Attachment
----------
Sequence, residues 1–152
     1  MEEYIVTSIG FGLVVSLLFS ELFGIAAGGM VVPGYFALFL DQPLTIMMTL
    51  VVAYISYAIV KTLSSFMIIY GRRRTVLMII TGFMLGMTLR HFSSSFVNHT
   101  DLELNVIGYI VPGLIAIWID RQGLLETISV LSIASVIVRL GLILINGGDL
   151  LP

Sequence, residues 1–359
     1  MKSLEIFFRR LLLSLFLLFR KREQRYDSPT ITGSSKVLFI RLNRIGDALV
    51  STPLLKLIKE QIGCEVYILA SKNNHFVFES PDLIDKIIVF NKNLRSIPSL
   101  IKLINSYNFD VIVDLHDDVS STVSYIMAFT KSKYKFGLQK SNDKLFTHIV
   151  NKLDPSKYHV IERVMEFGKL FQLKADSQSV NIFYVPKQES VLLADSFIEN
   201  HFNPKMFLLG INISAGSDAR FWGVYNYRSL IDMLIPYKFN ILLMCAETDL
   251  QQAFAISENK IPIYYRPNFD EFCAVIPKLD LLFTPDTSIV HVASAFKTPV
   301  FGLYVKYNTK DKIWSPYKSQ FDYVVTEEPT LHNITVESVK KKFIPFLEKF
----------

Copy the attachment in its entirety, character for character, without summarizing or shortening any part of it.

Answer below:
Sequence, residues 1–152
     1  MEEYIVTSIG FGLVVSLLFS ELFGIAAGGM VVPGYFALFL DQPLTIMMTL
    51  VVAYISYAIV KTLSSFMIIY GRRRTVLMII TGFMLGMTLR HFSSSFVNHT
   101  DLELNVIGYI VPGLIAIWID RQGLLETISV LSIASVIVRL GLILINGGDL
   151  LP

Sequence, residues 1–359
     1  MKSLEIFFRR LLLSLFLLFR KREQRYDSPT ITGSSKVLFI RLNRIGDALV
    51  STPLLKLIKE QIGCEVYILA SKNNHFVFES PDLIDKIIVF NKNLRSIPSL
   101  IKLINSYNFD VIVDLHDDVS STVSYIMAFT KSKYKFGLQK SNDKLFTHIV
   151  NKLDPSKYHV IERVMEFGKL FQLKADSQSV NIFYVPKQES VLLADSFIEN
   201  HFNPKMFLLG INISAGSDAR FWGVYNYRSL IDMLIPYKFN ILLMCAETDL
   251  QQAFAISENK IPIYYRPNFD EFCAVIPKLD LLFTPDTSIV HVASAFKTPV
   301  FGLYVKYNTK DKIWSPYKSQ FDYVVTEEPT LHNITVESVK KKFIPFLEKF